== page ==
Enjoy using this mojo mindset to help your child achieve his goals. You can use it too.

My special gift to you:

Download this gift to use whenever it's needed by inserting the code word, MOJO at: 

KidsDiscuss.com

 

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Is Your Child an I Can't Kid? Solutions Are Here

I Can't 624
 
Help Your Child Become an "I Can" Kid.

I can’t kids feel sad, weak, and fearful. They don’t want to try. They fear failure. They say:

  1. I can’t
  2. It’s too hard.
  3. I don’t know how.
  4. I don’t want to.
  5. You can’t make me.
Boy crying
 
"I Can't" Boy with Negative
Mindset.

 

I can’t kids have a losing mindset. They protect themselves from failure. They lose opportunities to succeed.

Today’s article shows you how to turn self-defeating words into a positive mindset.

This method uses two little words. Instead of future failure they promote present success. So simple.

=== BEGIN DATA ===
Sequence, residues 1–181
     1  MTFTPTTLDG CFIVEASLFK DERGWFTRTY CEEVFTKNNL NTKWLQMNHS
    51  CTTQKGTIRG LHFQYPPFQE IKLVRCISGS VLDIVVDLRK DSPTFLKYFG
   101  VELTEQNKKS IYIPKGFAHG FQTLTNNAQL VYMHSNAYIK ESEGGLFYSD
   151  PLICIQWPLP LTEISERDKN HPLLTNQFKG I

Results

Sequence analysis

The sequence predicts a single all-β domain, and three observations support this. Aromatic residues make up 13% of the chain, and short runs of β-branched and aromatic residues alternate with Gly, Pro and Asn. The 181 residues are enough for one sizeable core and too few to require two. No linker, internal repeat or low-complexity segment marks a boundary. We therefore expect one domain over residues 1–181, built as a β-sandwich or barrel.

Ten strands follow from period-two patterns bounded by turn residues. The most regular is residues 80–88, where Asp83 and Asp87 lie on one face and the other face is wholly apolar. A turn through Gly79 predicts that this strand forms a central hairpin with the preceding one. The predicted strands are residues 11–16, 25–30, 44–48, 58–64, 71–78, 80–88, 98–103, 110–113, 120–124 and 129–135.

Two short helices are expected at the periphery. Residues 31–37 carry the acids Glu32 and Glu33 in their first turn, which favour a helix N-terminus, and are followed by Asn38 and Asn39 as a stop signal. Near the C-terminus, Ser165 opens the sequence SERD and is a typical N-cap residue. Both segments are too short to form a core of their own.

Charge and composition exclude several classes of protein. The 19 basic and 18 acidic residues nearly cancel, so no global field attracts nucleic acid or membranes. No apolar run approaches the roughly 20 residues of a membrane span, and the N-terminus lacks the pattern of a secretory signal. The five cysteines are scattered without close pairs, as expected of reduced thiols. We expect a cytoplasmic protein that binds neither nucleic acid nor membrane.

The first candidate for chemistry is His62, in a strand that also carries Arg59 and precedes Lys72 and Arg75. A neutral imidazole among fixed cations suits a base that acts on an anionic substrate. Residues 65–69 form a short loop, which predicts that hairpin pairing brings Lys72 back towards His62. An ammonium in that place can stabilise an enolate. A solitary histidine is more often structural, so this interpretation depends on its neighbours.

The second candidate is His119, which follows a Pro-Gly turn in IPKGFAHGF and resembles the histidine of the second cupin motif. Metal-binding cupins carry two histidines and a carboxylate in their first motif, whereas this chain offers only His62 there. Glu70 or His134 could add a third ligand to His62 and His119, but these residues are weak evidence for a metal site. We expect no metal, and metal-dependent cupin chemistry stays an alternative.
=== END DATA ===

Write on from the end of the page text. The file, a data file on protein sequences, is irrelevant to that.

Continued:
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"I Can" Kids with Positive Mindsets.

 

Find out here:

Goal Setting for Kids – These 2 Little Words Work

Help your kids feel happy and succeed.

How do you help your kids think positive? Please share your tips below.

 

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With warm wishes, 

Jean Tracy, MSS

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Goals - 2 Ways Kids Create Winning Feelings

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You can teach your child how to choose winning